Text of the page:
Vietnamese Prime Minister Pham Minh Chinh has noted that Chinese naval-Coast Guard-maritime militia activity in the South China Sea is a common concern for both Vietnam and Indonesia, and even non-ASEAN countries that promote maritime cooperation to increase trust, friendship, and confidence can find themselves on the receiving end of Chinese activities.
Chinh made the above remarks during the opening session of the 42nd ASEAN Summit in Labuan Bajo, Indonesia, on May 10, 2023.
He said, “Chinese naval-Coast Guard-maritime militia activity in the South China Sea is a common concern, and even non-ASEAN countries who promote maritime cooperation aimed at enhancing trust, friendship, and confidence can be at the receiving end of Chinese operations.”
Chinh was hosted by Indonesian President Joko Widod, who also discussed bilateral issues, including this year’s 10th anniversary of their strategic partnership.
The focus of the two leaders’ discussion was bilateral maritime security challenges. First, a hotline must be established to monitor illegal, unreported, and unregulated (IUU) fishing. It is worth noting that the two marine neighbors inked the EEZ agreement in December 2022 after 12 years of arduous negotiations.
However, “neither Indonesia nor Vietnam has published a clear explanation or chart on where the borderline begins and ends.”
As a result, 136 Vietnamese fishing vessels were seized by Indonesian law enforcement in the North Natuna Sea. Regardless, both leaders agreed that the “implementing arrangement and ratification process should be completed soon” and that the “MoU on marine and fisheries should be resolved immediately.”
It is accepted widely that the agreement would “reduce conflicts between Indonesian and Vietnamese fishing vessels.” Vietnam and Indonesia have signed the FAO Port State Measures Agreement (PSMA). This international agreement explicitly targets IUU fishing and “lays down a minimum set of standard measures for Parties to apply when foreign vessels seek entry into their ports or while they are in their ports.”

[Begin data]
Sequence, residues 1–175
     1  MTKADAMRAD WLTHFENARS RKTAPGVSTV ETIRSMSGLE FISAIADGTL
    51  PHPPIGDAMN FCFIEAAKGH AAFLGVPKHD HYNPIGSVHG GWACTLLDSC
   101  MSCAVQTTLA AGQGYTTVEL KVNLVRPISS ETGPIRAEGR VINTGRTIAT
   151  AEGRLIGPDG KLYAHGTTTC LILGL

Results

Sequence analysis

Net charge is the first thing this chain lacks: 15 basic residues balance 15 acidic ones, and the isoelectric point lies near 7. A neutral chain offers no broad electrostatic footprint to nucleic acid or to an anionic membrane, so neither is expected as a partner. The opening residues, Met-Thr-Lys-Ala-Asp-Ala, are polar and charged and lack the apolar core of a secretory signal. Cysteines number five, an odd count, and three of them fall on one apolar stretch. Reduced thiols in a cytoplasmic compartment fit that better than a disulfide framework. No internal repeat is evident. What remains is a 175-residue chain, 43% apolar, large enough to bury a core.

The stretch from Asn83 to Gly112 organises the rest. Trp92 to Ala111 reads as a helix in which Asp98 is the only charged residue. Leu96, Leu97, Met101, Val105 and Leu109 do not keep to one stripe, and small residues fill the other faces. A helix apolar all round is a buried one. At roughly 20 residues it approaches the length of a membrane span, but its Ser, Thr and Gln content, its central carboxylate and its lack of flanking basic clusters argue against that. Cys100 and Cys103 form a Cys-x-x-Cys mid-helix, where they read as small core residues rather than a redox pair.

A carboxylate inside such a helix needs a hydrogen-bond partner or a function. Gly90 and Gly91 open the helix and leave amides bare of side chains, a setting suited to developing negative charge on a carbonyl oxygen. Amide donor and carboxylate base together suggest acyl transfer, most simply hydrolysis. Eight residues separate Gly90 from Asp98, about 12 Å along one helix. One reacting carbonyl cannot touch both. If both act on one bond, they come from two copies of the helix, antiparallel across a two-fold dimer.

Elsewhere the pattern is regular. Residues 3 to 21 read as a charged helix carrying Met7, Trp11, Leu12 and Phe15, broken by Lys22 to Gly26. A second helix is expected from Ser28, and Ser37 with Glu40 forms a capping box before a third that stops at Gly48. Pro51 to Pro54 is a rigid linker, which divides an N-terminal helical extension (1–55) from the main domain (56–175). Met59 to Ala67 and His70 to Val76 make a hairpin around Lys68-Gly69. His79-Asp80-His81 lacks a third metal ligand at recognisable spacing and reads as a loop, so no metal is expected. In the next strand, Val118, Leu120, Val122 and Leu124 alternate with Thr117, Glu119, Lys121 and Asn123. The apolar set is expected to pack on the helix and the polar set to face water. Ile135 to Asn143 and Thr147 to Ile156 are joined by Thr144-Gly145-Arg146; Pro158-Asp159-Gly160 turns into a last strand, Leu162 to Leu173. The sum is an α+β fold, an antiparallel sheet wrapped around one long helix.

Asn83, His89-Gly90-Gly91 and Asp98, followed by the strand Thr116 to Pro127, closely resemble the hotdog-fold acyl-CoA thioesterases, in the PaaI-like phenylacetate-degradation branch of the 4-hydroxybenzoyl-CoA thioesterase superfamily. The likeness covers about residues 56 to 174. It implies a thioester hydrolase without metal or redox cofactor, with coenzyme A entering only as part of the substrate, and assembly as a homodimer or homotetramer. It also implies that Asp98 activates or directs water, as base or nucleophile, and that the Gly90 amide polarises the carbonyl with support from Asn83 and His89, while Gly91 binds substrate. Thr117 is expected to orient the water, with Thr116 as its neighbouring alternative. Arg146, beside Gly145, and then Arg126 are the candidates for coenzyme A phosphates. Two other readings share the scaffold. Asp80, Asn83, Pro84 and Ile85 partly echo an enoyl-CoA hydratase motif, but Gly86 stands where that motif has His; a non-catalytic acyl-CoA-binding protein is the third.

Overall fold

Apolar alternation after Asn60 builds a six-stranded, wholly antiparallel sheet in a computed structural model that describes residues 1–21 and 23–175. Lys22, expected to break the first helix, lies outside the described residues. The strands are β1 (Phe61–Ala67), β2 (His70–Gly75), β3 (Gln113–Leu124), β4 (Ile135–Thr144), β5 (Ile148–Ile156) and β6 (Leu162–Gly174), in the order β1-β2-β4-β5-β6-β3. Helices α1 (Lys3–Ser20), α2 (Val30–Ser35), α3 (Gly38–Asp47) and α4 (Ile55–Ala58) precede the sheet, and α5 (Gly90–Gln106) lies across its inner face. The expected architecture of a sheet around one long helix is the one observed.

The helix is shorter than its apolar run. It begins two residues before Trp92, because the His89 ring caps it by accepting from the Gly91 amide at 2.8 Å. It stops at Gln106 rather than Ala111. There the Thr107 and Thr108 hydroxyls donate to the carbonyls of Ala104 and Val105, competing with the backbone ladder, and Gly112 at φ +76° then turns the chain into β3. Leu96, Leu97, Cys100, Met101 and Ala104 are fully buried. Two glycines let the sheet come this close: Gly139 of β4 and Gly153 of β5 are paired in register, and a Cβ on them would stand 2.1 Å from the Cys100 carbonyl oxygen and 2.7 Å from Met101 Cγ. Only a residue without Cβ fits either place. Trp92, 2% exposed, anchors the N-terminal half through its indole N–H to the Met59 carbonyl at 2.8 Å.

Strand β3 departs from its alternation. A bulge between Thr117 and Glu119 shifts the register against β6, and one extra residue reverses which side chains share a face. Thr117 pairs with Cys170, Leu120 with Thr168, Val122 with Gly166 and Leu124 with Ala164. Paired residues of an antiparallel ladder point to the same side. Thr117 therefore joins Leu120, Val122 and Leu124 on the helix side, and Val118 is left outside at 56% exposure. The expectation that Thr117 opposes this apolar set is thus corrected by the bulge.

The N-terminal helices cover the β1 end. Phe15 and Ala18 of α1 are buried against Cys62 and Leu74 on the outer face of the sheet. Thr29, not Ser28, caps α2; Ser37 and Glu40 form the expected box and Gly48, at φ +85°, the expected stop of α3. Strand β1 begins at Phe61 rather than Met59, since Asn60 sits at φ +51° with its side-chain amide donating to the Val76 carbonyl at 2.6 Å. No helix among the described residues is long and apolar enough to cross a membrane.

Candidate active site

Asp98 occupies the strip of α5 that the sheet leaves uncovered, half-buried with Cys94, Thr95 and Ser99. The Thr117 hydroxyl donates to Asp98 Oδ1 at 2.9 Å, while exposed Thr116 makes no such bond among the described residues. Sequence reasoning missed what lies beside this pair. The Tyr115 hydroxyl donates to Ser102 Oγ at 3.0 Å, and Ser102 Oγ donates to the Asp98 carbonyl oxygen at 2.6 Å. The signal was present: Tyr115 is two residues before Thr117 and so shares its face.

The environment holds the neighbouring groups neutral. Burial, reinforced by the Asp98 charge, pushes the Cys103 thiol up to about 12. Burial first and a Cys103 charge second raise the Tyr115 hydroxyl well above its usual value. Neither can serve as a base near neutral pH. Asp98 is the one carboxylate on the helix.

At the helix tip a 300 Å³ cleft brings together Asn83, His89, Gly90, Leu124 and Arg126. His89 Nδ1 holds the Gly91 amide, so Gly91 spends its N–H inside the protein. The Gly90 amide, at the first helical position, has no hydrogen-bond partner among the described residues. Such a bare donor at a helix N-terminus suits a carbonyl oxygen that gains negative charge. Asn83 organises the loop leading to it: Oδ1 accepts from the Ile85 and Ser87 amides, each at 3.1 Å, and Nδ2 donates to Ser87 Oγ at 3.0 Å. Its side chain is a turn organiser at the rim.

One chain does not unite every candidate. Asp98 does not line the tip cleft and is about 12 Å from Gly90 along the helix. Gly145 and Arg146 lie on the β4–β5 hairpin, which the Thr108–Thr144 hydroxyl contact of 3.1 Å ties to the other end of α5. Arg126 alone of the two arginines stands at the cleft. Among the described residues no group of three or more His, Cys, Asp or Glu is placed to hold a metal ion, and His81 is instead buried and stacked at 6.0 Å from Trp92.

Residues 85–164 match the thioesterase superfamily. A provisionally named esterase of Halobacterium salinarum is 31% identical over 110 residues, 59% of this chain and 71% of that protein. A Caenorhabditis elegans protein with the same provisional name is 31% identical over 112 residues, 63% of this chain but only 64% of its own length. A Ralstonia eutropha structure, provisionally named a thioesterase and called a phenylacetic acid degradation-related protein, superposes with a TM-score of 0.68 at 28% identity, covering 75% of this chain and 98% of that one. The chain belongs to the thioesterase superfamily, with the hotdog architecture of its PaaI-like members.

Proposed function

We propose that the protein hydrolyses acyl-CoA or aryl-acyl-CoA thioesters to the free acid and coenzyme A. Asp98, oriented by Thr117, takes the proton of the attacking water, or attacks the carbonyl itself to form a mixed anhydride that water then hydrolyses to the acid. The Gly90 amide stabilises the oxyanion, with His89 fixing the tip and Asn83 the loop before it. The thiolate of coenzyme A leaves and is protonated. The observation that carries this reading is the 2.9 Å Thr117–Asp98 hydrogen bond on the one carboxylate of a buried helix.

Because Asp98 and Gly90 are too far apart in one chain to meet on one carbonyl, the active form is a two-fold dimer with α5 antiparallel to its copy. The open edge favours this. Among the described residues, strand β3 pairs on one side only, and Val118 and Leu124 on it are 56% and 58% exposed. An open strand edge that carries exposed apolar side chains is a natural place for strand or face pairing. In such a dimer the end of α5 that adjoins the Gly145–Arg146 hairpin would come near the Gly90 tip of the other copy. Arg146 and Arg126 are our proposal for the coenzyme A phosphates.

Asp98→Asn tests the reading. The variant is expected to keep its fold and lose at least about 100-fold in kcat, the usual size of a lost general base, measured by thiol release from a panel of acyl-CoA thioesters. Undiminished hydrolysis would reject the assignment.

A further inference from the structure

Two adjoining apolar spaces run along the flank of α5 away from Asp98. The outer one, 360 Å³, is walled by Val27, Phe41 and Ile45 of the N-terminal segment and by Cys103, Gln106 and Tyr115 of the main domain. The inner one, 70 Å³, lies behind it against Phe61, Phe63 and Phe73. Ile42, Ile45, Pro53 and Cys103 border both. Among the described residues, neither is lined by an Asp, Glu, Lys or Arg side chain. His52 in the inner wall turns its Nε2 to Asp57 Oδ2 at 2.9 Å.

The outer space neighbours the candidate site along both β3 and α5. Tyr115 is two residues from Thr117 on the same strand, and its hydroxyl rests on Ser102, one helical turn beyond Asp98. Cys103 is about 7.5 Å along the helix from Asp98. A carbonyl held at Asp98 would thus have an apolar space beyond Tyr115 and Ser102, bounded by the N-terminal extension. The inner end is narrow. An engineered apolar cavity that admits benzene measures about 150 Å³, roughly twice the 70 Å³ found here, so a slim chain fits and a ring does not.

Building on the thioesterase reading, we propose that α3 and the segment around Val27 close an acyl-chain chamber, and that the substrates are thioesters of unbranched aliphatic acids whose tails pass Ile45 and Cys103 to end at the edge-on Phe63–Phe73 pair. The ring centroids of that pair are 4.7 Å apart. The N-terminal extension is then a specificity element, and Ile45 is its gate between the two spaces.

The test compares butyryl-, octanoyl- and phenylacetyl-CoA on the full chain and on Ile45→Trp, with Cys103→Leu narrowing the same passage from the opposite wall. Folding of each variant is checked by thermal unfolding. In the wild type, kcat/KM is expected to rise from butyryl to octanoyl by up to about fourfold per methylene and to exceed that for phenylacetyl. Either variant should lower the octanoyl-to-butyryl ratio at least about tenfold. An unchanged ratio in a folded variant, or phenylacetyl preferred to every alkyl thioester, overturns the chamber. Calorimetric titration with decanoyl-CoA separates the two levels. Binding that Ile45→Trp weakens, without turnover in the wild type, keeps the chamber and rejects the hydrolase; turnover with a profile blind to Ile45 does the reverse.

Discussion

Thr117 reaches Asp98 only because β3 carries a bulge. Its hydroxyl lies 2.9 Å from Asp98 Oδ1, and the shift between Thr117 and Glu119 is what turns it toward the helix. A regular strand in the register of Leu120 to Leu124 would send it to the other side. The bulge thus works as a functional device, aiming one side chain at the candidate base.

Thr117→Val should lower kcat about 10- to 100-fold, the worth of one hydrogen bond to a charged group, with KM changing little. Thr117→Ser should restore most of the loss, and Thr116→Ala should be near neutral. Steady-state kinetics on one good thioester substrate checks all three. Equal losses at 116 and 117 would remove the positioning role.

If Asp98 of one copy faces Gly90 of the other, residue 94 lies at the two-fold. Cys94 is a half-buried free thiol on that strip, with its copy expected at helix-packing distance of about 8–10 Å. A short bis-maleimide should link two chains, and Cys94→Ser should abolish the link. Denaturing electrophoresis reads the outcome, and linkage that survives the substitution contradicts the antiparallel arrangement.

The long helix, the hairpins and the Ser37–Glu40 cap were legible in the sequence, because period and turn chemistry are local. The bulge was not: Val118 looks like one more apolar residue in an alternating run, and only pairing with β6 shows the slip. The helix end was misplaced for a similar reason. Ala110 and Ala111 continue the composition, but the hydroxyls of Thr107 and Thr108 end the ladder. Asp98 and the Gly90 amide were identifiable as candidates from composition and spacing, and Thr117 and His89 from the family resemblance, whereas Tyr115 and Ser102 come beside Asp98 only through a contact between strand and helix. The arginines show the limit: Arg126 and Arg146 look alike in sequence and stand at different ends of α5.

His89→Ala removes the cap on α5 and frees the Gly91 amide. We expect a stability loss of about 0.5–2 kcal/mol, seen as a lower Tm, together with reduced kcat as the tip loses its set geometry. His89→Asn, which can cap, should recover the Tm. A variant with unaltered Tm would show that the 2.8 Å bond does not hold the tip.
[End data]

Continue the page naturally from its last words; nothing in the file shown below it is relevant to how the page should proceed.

The second is about “sharing information about maritime law enforcement.” A Chinese vessel was seen sailing in the Tuna Bloc gas field in the Natuna Sea shortly after Vietnam and Indonesia signed the EEZ agreement in December 2022 (investment surpassing USD 3 billion). One of Indonesia’s law enforcement warships was dispatched to the region. China’s so-called nine-dash-line covers some Natuna waterways.
Similarly, Chinese warships have been spotted in Vietnam’s Chim Sao oil and gas sector. Recently, the Vietnamese fisheries surveillance ship Kiem Ngu 414 was harassed near Vietnam’s oil and gas fields by the Chinese Coast Guard vessel 4303 and militia ship Qiong Sansha Yu 309.
While illegal fishing by respective fishermen in each other’s waters is a bilateral issue between Vietnam and Indonesia that can be rectified by measures such as a hotline, both sides are challenged with aggressive Chinese “Grey Zone” activities in their waters.
Chinese naval-Coast Guard-maritime militia activity in the South China Sea is a common source of concern, and even non-ASEAN countries that “promote maritime cooperation” to ” enhance trust, friendship, and confidence” may find themselves on the receiving end of Chinese operations.
For example, during the last ASEAN-India Maritime Exercise (AIME-23), dubbed ‘Exercise Flotilla,’ a Chinese militia vessel attempted to “disturb the maritime exercise,” necessitating defensive maneuvers.
At the strategic-regional level, both leaders reaffirmed their commitment to upholding the East Sea Declaration (DOC) and accelerating negotiations for an efficient and effective East Sea (South China Sea) Code of Conduct (COC) under international law, particularly the 1982 UN Convention on the Law of the Sea (UNCLOS). Indeed, the challenges raised above are frequent themes in multilateral and bilateral ASEAN pronouncements with China.